Thankfully, Blue Valley Animal Hospital has the tools to help you navigate submissive urination in dogs so that your homecoming can remain happy. 

Out of Control Urine

Submissive urination in dogs tends to be seen in puppies or adolescent animals and results in unexpected (and unwanted) urination, sometimes when you least expect it. 

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When Roughhousing Goes too Far: How Puppies and Dogs Play

One of the best ways puppies learn the ropes is by modeling the behaviors of their parents and older dogs.

This mock-fighting and roughhousing teaches them several things that can be useful later in life. This instinct for an adult dog to play-fight with puppies in an old one, deeply embedded in their DNA from the days of when they were wild.

Unfortunately, sometimes this form of play can become dangerous for a puppy when it is too aggressive. Your friends at Blue Valley Animal Hospital have a few tips for a safer way for puppies and dogs to play together. Let’s begin!

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Helping Pets Adjust to Life After Lockdown

Considering all the animals that were adopted or fostered prior to lockdowns, their sheer numbers are overwhelming. With so many people forced to stay at home, the calming warmth and reassurance of millions of new pets made all the difference.

Helping pets adjust to their new homes has never been easier, but what happens when we all return to work or school?

Constant Companionship

With everyone at home, the animals in our care have probably never been happier. There’s always something going on (even if it’s just another nap on the couch), and in households with kids, playful activities abound. Helping new pets adjust to a lively household may go easier than imagined.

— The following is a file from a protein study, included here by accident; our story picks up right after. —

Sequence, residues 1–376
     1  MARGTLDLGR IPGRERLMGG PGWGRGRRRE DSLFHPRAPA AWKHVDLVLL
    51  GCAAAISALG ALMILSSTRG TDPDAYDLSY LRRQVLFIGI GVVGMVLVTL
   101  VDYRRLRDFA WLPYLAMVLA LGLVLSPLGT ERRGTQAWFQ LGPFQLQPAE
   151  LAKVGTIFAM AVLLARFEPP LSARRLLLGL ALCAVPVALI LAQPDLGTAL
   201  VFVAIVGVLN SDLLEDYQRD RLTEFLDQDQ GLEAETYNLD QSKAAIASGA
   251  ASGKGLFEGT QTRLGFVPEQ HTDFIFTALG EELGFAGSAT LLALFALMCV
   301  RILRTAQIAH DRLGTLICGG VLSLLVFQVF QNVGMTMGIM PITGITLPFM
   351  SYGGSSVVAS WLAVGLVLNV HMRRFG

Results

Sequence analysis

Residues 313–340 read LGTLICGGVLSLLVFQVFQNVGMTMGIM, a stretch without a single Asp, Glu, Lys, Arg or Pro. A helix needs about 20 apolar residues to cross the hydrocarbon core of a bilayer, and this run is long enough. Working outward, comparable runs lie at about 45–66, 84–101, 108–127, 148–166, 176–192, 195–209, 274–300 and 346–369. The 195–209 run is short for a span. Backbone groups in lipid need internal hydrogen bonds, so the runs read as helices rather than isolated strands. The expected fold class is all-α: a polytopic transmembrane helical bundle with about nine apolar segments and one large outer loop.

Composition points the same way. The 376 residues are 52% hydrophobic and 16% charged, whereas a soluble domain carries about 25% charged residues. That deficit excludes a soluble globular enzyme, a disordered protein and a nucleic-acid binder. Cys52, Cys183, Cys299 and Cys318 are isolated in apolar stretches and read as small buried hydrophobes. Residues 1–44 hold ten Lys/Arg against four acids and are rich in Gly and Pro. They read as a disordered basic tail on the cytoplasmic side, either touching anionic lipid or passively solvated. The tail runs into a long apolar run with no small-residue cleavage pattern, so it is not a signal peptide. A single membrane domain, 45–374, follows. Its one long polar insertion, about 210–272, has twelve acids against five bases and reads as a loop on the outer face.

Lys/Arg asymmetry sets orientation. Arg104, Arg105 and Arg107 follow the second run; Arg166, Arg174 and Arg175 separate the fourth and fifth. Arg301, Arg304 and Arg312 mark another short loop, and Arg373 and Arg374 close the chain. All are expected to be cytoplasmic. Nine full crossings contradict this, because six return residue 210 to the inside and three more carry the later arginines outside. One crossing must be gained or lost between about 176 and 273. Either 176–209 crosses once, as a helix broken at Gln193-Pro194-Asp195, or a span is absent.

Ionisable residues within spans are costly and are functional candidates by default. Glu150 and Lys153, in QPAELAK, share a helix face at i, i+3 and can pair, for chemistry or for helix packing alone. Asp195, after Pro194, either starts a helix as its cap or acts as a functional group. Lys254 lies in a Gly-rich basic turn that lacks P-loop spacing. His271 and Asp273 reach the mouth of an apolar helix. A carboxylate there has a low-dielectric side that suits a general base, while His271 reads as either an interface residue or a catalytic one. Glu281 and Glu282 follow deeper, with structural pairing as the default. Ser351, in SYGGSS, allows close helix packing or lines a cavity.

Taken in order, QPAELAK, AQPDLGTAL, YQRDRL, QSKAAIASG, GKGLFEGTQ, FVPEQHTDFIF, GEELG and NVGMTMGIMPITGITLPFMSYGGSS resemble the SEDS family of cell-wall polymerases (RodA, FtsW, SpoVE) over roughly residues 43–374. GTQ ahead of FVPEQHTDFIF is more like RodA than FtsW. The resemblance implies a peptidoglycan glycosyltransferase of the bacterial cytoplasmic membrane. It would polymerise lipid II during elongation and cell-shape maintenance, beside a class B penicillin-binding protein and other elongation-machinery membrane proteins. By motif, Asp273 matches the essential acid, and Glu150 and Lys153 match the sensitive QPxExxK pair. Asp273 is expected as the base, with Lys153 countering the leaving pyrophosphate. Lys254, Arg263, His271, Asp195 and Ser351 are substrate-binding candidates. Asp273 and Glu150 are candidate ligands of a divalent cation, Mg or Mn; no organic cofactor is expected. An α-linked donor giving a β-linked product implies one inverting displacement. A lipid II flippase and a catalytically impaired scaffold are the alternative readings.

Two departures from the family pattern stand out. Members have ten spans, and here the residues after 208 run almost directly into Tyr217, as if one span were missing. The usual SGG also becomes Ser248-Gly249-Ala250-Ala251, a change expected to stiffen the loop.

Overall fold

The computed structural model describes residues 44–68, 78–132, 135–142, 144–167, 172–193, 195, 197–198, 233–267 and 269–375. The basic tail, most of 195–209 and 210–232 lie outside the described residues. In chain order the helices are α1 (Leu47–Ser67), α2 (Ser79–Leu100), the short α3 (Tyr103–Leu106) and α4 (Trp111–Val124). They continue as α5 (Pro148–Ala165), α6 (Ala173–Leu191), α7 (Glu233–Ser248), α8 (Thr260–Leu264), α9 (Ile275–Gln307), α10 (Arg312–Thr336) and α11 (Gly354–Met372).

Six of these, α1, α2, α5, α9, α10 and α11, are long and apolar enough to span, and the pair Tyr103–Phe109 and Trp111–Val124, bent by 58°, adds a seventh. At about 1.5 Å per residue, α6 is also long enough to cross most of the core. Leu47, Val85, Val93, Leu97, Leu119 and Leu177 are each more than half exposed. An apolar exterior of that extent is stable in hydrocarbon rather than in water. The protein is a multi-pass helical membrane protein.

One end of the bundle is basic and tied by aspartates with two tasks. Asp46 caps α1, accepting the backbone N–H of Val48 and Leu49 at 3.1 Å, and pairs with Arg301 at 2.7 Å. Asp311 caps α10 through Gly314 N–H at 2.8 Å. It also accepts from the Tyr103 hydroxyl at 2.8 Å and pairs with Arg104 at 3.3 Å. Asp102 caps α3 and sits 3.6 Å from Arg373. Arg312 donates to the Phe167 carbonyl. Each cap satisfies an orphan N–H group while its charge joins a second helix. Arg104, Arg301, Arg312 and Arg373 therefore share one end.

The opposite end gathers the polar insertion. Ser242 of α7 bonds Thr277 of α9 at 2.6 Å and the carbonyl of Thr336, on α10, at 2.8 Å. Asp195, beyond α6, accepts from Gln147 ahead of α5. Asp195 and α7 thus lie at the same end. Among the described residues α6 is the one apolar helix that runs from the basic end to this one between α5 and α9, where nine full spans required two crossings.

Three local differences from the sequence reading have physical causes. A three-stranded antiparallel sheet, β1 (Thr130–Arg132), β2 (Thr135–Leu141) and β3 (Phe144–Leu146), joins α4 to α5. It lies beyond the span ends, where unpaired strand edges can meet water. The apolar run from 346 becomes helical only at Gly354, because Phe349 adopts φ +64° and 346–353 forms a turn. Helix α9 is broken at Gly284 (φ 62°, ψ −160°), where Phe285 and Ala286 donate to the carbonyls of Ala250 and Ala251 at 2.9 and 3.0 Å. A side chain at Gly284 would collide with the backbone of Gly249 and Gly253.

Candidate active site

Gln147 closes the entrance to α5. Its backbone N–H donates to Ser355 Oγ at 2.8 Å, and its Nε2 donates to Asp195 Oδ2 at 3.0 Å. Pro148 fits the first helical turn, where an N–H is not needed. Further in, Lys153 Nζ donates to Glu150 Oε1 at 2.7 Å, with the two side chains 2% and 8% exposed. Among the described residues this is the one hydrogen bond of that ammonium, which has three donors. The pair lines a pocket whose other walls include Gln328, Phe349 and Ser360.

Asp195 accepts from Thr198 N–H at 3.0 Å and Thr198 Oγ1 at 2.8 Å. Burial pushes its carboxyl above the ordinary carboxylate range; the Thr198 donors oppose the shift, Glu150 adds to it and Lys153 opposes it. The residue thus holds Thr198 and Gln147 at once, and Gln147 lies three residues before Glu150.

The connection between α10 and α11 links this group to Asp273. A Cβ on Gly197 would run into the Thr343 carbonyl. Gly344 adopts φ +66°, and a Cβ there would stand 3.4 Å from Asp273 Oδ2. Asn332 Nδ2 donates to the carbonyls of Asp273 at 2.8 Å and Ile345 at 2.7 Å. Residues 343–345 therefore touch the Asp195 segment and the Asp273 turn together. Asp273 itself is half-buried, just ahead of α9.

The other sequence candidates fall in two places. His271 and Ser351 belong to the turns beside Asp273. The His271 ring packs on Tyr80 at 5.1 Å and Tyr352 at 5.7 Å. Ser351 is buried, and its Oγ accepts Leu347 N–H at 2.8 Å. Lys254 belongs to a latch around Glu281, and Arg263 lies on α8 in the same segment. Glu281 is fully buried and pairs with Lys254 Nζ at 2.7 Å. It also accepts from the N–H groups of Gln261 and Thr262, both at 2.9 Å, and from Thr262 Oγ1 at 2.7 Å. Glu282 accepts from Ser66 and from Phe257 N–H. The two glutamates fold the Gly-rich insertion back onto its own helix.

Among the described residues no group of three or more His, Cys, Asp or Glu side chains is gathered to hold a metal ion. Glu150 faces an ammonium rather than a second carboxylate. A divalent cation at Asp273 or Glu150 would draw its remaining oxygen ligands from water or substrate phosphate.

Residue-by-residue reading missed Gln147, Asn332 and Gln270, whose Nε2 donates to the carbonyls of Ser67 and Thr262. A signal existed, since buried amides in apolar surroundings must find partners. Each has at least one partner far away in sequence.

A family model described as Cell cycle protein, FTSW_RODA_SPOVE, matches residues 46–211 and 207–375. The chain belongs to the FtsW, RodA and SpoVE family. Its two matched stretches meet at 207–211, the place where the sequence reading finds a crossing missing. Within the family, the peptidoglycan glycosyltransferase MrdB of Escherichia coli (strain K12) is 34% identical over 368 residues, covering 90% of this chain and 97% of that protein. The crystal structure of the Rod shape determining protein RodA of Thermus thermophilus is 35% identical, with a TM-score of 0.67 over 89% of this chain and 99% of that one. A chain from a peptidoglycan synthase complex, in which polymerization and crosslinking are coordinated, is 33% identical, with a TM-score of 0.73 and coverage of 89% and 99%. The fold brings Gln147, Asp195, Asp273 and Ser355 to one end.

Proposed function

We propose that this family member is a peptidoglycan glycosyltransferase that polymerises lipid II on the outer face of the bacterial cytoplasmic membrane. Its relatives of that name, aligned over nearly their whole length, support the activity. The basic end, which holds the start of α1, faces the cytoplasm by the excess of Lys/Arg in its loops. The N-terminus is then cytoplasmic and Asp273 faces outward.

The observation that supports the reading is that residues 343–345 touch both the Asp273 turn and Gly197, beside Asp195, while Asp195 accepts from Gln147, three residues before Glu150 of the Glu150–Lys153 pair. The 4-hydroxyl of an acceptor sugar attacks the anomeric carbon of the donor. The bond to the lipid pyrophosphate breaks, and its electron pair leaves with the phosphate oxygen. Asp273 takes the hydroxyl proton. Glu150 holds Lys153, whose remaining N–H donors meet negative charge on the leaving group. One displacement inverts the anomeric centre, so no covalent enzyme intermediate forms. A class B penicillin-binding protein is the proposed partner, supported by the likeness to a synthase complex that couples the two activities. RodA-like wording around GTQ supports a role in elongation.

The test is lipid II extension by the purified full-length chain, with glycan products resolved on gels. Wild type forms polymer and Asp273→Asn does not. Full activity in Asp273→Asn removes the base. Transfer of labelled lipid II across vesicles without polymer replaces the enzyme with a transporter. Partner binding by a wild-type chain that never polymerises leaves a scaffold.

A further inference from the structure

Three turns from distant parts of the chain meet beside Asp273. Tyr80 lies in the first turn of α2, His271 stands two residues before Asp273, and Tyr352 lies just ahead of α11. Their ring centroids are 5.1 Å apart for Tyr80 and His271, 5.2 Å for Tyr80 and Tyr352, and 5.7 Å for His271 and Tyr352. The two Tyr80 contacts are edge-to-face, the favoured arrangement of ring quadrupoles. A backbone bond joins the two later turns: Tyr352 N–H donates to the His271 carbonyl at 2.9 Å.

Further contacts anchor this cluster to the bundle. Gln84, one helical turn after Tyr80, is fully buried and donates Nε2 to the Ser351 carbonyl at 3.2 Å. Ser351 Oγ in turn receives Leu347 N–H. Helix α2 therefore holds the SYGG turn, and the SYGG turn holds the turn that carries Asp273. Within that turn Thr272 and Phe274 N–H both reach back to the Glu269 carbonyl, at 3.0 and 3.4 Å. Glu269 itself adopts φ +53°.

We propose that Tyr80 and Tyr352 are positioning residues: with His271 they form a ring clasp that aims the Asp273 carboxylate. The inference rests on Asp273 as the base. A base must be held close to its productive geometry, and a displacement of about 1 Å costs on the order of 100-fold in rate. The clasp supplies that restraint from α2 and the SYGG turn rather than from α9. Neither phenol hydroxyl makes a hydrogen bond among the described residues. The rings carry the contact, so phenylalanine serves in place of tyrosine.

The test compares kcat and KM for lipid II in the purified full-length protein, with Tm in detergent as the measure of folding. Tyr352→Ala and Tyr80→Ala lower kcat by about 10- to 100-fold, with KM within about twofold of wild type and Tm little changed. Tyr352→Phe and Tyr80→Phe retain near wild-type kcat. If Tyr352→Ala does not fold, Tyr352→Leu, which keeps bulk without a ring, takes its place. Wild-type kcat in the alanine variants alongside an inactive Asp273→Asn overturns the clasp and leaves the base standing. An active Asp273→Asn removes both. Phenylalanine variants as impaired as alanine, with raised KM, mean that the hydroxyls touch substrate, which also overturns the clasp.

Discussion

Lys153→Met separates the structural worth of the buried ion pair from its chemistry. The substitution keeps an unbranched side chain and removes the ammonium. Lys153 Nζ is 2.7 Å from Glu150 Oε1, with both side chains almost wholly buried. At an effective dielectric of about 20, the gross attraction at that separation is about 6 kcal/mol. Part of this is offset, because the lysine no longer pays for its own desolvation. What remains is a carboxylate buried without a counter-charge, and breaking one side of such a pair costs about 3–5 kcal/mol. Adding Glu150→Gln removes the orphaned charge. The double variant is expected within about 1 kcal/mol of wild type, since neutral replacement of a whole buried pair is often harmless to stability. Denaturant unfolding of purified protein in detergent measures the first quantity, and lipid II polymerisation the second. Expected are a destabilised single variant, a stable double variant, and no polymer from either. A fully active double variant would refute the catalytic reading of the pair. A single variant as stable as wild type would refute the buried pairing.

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Wrapping your Head Around Pet Separation Anxiety

Once a routine is established at home, it’s not unusual for pets to embrace their daily dose of “me time”. That’s not to say they don’t get a little lonely or bored in their owner’s absence, but these normal reactions are a far cry from full-on pet separation anxiety. Instead of temporarily pacing or whining and then settling down to sleep, pet separation anxiety can make a pet simply come unglued at the sight and sound of keys, jackets and shoes. 

Equally distressing for pet owners, pet separation anxiety can be soothed with patience, understanding, and above all, love.

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From Frisky to Foul: A Look at Feline Aggression (and How to Deal With It)

Taut whiskers. Pinned-back ears. Thrashing tail. Dilated pupils. Any of these signs of feline aggression are powerful warnings, but when combined with a fierce growl or hiss, an attack is imminent. 

There are no questions about a cat’s ability to defend themselves, but when they act out of character around their loved ones, it can be extremely worrisome. What’s behind feline aggression, and how should owners respond to it?

Big and Bad

Cats are experts at efficiently communicating using specific elements of body language. A close look at tail positioning can reveal their mental state. For instance, when they are scared or feel threatened, they will hold their tail close to the ground. Whipping it side to side may also be seen.